When a headhunter phoned Nader Fotouhi, PhD ’88, six years ago about an opportunity with a nonprofit tuberculosis drug developer called TB Alliance, he said he was the wrong person for the job.
Fotouhi had recently retired from the multinational health care company Hoffman–La Roche after a long career in drug discovery and development, but he had never worked with anti-infectives. His curiosity was piqued by the new opportunity, however, and he began researching the disease.
What he found alarmed him.
“I literally couldn’t stop reading and learning about TB, the devastation, and the number of people who were dying each year,” recalls Fotouhi. “It’s just a horrible disease, and it’s mostly affecting poor people.” A global airborne disease and the leading infectious cause of death worldwide, according to the World Health Organization, tuberculosis kills an estimated 1.5 million people a year, with about 500,000 suffering from drug-resistant forms.
Fotouhi accepted the job. And as TB Alliance’s chief scientific officer, he has helped the nonprofit, which is headquartered in New York City and South Africa, establish a strong foundation of new drug candidates that, when used in the right combination, can be the basis of shorter, more effective treatments.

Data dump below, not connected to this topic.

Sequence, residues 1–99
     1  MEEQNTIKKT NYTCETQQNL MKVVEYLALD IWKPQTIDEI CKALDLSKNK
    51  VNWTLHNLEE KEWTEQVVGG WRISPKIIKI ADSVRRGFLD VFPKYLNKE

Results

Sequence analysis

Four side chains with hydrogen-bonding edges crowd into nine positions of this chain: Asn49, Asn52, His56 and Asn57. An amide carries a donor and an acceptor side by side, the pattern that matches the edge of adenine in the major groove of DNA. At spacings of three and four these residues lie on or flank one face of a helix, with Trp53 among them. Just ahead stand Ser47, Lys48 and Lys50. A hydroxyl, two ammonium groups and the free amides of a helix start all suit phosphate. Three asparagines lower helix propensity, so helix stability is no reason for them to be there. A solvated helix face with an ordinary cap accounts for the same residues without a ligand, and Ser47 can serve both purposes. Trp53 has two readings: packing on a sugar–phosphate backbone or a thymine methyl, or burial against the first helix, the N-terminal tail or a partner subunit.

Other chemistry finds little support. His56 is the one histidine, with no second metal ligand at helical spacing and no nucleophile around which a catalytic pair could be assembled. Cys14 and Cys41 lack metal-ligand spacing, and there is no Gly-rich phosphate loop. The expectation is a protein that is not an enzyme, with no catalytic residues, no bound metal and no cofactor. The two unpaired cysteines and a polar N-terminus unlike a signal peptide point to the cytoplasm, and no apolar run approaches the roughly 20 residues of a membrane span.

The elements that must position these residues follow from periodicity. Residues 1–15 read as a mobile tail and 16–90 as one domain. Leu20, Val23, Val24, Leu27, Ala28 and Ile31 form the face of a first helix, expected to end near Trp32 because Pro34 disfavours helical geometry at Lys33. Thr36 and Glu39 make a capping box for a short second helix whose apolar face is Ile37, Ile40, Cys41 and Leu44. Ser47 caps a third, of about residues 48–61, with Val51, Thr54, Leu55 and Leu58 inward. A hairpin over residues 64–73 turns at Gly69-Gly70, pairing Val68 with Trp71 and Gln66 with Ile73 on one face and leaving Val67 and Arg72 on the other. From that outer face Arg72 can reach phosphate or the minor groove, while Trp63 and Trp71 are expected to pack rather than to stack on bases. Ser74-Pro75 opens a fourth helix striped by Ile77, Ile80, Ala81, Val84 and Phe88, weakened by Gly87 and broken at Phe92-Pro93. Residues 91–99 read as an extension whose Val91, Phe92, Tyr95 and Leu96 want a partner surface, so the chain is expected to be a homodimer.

The antibiotics developed by TB Alliance include pretomanid, which was approved as part of a three-drug TB regimen in August by the Food and Drug Administration. It is only the third new anti-TB drug approved for use by the FDA in more than 40 years, as well as the first to be developed and registered by a nonprofit. The Alliance also has about 30 other projects in discovery and development.
“It’s all about decision-making and doing the right projects—knowing when to stop and betting your money on things that could be productive and make it to the finish line,” says Fotouhi. He credits the MIT chemistry department with teaching him how to think analytically, challenge himself, and ask the right questions before seeking answers.
“I realized there,” he says, “that I can learn anything.”
Current regimens for drug-resistant TB often require taking as many as 20 pills daily for up to two years, a routine many find difficult to complete. In contrast, pretomanid is approved for use with just two other medications over six months. Ongoing research could further speed and simplify treatment, Fotouhi says.
“If we can one day shorten it to three months and only three pills a day, that significantly reduces the burden,” he says.